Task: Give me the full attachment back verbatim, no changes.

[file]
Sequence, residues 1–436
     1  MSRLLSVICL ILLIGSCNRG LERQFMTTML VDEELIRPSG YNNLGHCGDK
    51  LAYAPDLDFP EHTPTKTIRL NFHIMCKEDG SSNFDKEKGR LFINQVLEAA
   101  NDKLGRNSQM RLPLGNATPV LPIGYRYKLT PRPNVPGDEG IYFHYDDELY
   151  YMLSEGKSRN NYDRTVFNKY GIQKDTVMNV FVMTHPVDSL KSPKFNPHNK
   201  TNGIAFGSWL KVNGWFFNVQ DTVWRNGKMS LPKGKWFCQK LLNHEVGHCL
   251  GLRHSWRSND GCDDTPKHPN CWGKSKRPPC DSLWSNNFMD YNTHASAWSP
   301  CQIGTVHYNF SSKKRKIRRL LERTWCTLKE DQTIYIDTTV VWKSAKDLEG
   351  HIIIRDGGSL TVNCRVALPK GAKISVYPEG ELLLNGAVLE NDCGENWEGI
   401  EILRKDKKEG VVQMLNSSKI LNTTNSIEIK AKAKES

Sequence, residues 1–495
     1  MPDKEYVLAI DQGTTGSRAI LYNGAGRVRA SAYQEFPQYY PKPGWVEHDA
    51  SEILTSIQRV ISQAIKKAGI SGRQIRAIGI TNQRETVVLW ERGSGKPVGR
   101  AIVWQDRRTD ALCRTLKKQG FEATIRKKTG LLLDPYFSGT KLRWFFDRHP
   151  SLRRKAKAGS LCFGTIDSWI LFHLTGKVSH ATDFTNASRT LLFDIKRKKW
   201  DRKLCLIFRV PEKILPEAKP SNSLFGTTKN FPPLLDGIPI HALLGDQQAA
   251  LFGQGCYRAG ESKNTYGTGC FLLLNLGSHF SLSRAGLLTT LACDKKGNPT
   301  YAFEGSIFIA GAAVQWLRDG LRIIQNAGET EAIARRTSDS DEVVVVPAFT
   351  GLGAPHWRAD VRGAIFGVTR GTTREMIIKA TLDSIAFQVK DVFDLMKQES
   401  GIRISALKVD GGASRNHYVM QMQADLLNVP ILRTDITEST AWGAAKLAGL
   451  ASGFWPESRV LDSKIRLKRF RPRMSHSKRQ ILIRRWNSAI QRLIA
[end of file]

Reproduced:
Sequence, residues 1–436
     1  MSRLLSVICL ILLIGSCNRG LERQFMTTML VDEELIRPSG YNNLGHCGDK
    51  LAYAPDLDFP EHTPTKTIRL NFHIMCKEDG SSNFDKEKGR LFINQVLEAA
   101  NDKLGRNSQM RLPLGNATPV LPIGYRYKLT PRPNVPGDEG IYFHYDDELY
   151  YMLSEGKSRN NYDRTVFNKY GIQKDTVMNV FVMTHPVDSL KSPKFNPHNK
   201  TNGIAFGSWL KVNGWFFNVQ DTVWRNGKMS LPKGKWFCQK LLNHEVGHCL
   251  GLRHSWRSND GCDDTPKHPN CWGKSKRPPC DSLWSNNFMD YNTHASAWSP
   301  CQIGTVHYNF SSKKRKIRRL LERTWCTLKE DQTIYIDTTV VWKSAKDLEG
   351  HIIIRDGGSL TVNCRVALPK GAKISVYPEG ELLLNGAVLE NDCGENWEGI
   401  EILRKDKKEG VVQMLNSSKI LNTTNSIEIK AKAKES

Sequence, residues 1–495
     1  MPDKEYVLAI DQGTTGSRAI LYNGAGRVRA SAYQEFPQYY PKPGWVEHDA
    51  SEILTSIQRV ISQAIKKAGI SGRQIRAIGI TNQRETVVLW ERGSGKPVGR
   101  AIVWQDRRTD ALCRTLKKQG FEATIRKKTG LLLDPYFSGT KLRWFFDRHP
   151  SLRRKAKAGS LCFGTIDSWI LFHLTGKVSH ATDFTNASRT LLFDIKRKKW
   201  DRKLCLIFRV PEKILPEAKP SNSLFGTTKN FPPLLDGIPI HALLGDQQAA
   251  LFGQGCYRAG ESKNTYGTGC FLLLNLGSHF SLSRAGLLTT LACDKKGNPT
   301  YAFEGSIFIA GAAVQWLRDG LRIIQNAGET EAIARRTSDS DEVVVVPAFT
   351  GLGAPHWRAD VRGAIFGVTR GTTREMIIKA TLDSIAFQVK DVFDLMKQES
   401  GIRISALKVD GGASRNHYVM QMQADLLNVP ILRTDITEST AWGAAKLAGL
   451  ASGFWPESRV LDSKIRLKRF RPRMSHSKRQ ILIRRWNSAI QRLIA